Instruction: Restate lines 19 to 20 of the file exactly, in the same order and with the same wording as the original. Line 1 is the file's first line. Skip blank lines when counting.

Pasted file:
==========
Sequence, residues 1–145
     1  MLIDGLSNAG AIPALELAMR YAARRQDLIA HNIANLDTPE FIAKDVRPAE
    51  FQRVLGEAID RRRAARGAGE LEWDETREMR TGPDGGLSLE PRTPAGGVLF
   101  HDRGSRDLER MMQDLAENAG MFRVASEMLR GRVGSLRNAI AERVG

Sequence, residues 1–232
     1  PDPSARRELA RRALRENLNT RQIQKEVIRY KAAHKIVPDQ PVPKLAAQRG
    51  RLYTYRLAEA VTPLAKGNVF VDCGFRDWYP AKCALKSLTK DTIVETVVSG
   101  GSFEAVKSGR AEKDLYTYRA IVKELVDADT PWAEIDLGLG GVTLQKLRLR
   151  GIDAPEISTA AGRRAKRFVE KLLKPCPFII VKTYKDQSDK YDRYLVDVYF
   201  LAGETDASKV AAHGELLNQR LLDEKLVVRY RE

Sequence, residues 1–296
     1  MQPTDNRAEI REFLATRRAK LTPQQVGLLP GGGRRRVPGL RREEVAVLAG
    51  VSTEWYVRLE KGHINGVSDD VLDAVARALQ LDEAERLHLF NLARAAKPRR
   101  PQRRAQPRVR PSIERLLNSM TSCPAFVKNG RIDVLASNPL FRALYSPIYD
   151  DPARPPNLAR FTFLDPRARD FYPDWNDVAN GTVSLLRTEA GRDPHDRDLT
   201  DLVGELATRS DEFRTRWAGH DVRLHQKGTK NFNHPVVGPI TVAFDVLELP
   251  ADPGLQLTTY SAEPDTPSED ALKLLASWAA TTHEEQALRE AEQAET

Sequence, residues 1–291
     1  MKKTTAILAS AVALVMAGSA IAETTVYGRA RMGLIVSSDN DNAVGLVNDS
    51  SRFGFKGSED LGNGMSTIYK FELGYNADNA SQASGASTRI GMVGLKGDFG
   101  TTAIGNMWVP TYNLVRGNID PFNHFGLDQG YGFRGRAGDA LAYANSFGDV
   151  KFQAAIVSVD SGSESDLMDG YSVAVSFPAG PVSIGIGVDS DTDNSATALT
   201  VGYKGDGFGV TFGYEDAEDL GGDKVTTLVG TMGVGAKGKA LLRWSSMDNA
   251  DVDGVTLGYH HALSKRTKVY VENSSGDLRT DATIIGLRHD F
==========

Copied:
     1  MKKTTAILAS AVALVMAGSA IAETTVYGRA RMGLIVSSDN DNAVGLVNDS
    51  SRFGFKGSED LGNGMSTIYK FELGYNADNA SQASGASTRI GMVGLKGDFG